Fire and Earth


Chanukah celebrates the miracle of “the single cruse of oil, sealed with the seal of the Kohen Gadol (High Priest),” that escaped contamination when the Greeks defiled the Holy Temple and its contents. The cruse contained enough oil to light the menorah for one day; miraculously, the oil burned for eight days, until new oil could be prepared under conditions of ritual purity.[13]

The purity of the oil was guaranteed because it was sealed within a “cruse” (pach, in the Hebrew)—an earthen jug.[14] The laws of ritual purity distinguish between earthenware and vessels made of other materials. On the one hand, the law regarding the earthen vessels is more stringent: once an earthen vessel is contaminated, it only becomes pure when it is broken (i.e., it loses its original form and is remade anew), while wooden and metal vessels can be purified through immersion in a mikvah.[15] On the other hand, an earthen vessel becomes impure only when the source of impurity enters into it, while other vessels are contaminated also through contact with their outside surface.[16] So if the oil had been found in a wooden or metal container, its being “sealed with the seal of the Kohen Gadol” would not have sufficed, since this could not ensure that pagan hands had not touched it on the outside, contaminating the vessel and its contents. Because it was in an earthen jug, the fact that it was sealed guaranteed that the oil it contained was pure and fit to light the menorah.[17]

Man as Vessel

The halachic definition of an earthen vessel (keli cheres) is a container or tool fashioned of earth (mud, clay, etc.) and hardened by fire.[18] Spiritually, the “earthen vessel” is one who possesses two key traits: humility (“earth,” as in “my soul should be as earth to all”[19]) and passion (“fire”).[20]

A fertile spiritual life is nourished by these two different, indeed antipodal, qualities. It is fashioned of humility—permeated with a recognition of the inferiority of mortal man and an utter submission to the divine authority. But this is no listless clod, loyal and pious but devoid of initiative and achievement; it is earth fired with passion, clay glowing with the desire to elevate itself and come close to G-d.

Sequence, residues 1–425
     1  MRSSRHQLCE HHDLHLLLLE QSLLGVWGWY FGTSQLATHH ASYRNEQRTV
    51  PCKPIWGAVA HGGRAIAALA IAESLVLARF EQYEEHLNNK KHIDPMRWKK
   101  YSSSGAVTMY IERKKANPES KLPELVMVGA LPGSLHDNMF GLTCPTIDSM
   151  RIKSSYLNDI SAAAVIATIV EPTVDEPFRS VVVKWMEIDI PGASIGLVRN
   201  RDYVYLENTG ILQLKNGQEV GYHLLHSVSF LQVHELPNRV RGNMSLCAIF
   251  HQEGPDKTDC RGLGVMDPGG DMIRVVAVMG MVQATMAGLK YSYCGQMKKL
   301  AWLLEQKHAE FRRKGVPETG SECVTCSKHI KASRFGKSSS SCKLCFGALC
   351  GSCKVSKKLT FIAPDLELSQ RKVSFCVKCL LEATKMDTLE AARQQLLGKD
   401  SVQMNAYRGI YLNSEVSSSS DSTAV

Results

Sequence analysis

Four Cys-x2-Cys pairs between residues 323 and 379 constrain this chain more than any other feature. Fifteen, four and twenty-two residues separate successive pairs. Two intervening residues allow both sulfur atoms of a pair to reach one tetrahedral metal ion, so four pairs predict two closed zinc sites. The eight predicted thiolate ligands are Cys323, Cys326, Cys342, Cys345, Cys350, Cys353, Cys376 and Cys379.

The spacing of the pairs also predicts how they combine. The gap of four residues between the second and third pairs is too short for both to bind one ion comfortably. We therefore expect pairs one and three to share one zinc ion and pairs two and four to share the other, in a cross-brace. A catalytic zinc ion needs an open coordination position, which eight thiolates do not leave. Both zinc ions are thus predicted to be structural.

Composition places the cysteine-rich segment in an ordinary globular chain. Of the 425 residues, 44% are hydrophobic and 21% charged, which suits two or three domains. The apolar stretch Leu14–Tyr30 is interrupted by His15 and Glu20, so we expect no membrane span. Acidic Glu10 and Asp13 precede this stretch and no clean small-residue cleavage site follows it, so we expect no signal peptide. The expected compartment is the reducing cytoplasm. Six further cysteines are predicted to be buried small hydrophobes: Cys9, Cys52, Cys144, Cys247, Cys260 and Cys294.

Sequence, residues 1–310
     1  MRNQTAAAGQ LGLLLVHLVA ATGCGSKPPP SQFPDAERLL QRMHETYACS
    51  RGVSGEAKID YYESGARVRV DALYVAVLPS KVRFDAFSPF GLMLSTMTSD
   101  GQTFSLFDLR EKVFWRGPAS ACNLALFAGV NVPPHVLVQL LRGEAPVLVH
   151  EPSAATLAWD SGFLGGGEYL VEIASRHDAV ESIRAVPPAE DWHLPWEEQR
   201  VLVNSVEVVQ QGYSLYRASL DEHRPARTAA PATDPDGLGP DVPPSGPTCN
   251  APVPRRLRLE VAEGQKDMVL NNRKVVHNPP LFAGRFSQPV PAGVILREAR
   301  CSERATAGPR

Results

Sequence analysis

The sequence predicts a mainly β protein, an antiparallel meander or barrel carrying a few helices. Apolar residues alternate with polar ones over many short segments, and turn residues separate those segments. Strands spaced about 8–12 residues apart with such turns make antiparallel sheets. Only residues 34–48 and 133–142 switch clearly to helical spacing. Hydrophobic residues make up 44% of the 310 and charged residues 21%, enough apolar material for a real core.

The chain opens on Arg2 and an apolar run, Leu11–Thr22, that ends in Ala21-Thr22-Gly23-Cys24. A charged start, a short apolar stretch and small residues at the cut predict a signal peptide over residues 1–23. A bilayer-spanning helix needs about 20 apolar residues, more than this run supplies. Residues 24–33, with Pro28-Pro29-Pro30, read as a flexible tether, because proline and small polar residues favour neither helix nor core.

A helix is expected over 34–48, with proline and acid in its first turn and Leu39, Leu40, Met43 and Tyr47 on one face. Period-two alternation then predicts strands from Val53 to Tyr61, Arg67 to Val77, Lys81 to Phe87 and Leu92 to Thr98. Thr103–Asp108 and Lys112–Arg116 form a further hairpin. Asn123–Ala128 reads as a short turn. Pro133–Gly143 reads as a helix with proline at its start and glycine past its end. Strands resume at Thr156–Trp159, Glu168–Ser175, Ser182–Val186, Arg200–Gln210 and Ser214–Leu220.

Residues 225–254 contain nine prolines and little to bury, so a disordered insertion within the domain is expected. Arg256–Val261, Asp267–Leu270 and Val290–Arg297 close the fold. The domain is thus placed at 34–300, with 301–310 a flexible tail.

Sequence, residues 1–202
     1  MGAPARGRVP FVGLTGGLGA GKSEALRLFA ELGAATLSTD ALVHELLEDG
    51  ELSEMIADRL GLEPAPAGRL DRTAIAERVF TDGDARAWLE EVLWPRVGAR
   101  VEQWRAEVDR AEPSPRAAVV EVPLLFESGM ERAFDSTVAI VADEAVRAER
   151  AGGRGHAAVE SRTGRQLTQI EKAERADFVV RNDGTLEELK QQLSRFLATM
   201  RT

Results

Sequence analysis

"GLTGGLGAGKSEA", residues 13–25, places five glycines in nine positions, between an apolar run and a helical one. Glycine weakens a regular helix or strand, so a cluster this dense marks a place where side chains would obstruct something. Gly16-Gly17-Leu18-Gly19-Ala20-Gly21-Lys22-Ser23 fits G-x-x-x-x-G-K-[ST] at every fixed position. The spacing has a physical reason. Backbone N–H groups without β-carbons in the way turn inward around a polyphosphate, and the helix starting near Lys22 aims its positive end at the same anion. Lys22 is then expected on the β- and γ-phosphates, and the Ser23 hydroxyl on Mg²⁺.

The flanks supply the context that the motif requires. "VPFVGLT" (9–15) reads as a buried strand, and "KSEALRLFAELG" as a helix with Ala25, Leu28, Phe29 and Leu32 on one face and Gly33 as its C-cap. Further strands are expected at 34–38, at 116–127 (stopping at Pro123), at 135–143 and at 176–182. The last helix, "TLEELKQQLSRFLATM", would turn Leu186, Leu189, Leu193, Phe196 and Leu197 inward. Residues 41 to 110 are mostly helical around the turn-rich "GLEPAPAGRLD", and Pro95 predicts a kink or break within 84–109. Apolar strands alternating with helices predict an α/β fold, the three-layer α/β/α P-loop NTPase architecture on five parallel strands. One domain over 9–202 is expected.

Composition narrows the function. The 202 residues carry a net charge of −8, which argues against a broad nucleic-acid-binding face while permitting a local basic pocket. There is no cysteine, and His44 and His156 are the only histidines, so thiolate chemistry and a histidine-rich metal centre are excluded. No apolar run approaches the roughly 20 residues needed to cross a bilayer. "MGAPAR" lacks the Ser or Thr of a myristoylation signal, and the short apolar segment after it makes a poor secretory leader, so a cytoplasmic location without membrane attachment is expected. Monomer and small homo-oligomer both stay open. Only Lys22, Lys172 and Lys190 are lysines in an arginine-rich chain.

This synthesis of earth and fire makes for a vessel immune to contamination through its external surface: no superficial iniquity can corrupt this soul. Because he is humble, he is unsusceptible to the banalities of ego and materialism; because he is driven by a love of G-d, he escapes the snares of indolence and inertia.

However, the earthen vessel remains vulnerable to contamination from within; indeed, he is more vulnerable to “internal” impurities than his less humble and less fervent fellows.[21] Precisely because he is humble, he is receptive to elevated ideals; precisely because he is aflame, he is readily inspired by lofty passions. So he must take great care not to fall prey to the impurities that infiltrate the mind and heart in the guise of spiritual and idealistic values, but which in truth stem from the pagan usurper of the sanctuary of G-d.

He must therefore secure himself with “the seal of the Kohen Gadol”—with the unequivocal commitment to G-d that stems from the innermost core of his soul and resists every foreign influence. Thus he will safeguard his luminescent potential as oil fit to light the menorah, to disseminate the divine light to the world.

Based on an entry in the Rebbe’s journal dated “Chanukah 5696” (1935)[22].


[18] Talmud, Kelim 4:4.

[19] Conclusion of Amidah prayer; Talmud, Berachot 17a.

[20] In the language of Kabbalah and Chassidism, ratzo (striving) and shov (retreat, settling down).

[21] An earthen vessel is contaminated from within even if the source of impurity merely enters into its interior space without touching its walls, while other vessels are contaminated (inside or out) only by actual contact (Talmud, Chulin 24b).

[22] Reshimot #3, pp. 15-16. This is based on a lengthy exposition on Chanukah which the Rebbe outlined in his journal, parts of which he delivered at the synagogue at 17 Radzia St. in Paris, which he frequented during the years he resided in that city (1933-1940).

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